What separates Fukuyama’s analysis from conservative and progressive polemics alike is his argument that this crisis of government results from “too much law and too much ‘democracy’ relative to American state capacity.” In America, he explains, a vigorous common-law culture of “adversarial legalism” took root before the Revolution and gave courts, rather than administrative government itself, the final say over key matters of public choice. “Conflicts that in Sweden and Japan would be solved by quiet consultations … through the bureaucracy are fought out through formal litigation in the American court system.” Adversarial legalism weakens the government’s ability to solve its own problems, since every outcome can be challenged and delayed through litigation. A political culture that believes more transparency and public accountability are the solution to the democratic impasse only makes that impasse worse. Politicians need privacy and discretion—smoke-filled rooms—to get the business of government done.

“No one dares suggest that what the country needs is a bit less participation and transparency,” Fukuyama writes, but that is precisely where his thinking leads. Less democracy means fewer veto holders in the system. Though he is not always clear, he seems to have in mind curtailing the power of senators to hold up presidential appointments, reducing the ability of members of Congress to lumber government with unfunded or incoherent mandates, increasing presidential power over independent government commissions and regulatory bodies, and cutting back on court interference and supervision of government bureaucracies.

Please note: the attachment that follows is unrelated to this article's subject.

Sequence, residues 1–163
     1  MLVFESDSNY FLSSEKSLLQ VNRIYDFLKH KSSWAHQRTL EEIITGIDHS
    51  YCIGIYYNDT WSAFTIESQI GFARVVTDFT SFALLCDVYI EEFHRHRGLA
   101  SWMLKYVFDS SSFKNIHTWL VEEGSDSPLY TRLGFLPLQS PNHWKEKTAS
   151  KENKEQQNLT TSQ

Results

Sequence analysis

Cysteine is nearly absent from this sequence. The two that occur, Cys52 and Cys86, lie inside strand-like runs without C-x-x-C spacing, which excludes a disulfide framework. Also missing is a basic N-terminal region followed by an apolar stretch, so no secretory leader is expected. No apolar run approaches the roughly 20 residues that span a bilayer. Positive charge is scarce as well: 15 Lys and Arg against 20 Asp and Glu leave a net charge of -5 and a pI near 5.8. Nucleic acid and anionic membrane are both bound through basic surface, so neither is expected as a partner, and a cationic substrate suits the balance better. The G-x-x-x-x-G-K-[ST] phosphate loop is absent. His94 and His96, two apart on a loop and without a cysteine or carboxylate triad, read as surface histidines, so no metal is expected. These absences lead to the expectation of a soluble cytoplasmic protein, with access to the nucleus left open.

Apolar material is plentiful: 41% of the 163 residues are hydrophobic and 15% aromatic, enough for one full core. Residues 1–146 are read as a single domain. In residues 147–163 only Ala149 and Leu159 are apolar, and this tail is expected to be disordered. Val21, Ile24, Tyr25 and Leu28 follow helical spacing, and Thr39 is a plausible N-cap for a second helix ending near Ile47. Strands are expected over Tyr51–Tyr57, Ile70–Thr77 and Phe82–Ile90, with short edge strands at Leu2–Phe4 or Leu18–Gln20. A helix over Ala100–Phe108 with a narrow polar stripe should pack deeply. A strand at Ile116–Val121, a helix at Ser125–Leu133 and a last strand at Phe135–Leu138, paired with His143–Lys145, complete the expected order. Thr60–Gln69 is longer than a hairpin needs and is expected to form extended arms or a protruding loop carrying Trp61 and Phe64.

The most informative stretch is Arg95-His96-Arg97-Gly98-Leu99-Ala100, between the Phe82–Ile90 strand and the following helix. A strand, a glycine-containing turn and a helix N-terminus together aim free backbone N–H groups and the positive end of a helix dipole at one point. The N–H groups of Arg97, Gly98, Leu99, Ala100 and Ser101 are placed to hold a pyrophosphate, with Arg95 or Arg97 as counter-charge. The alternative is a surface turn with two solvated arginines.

The strength of Fukuyama’s analysis rests in the lofty distance he keeps from the partisan nostrums of both sides. What he wants is also what most Americans should want: an efficient, responsive, capable state. He is resolutely optimistic that reform is possible. “I do not believe that there is a systemic ‘crisis of governability’ among established democracies,” he writes. Theodore Roosevelt battled the trusts, Woodrow Wilson implemented Progressive reforms, Franklin Roosevelt created the modern liberal state: if they could do it, Fukuyama implies, future leaders can too. He explicitly washes his hands of the practical obstacles, which are daunting. How even the clearest-minded political leader might manage to assemble a coalition of interests and citizens strong enough to wrest power from the veto players is far from clear. But Fukuyama has succeeded in proving, with a formidable display of erudition, that anyone who wants to reform American democracy had better start by reading his latest book.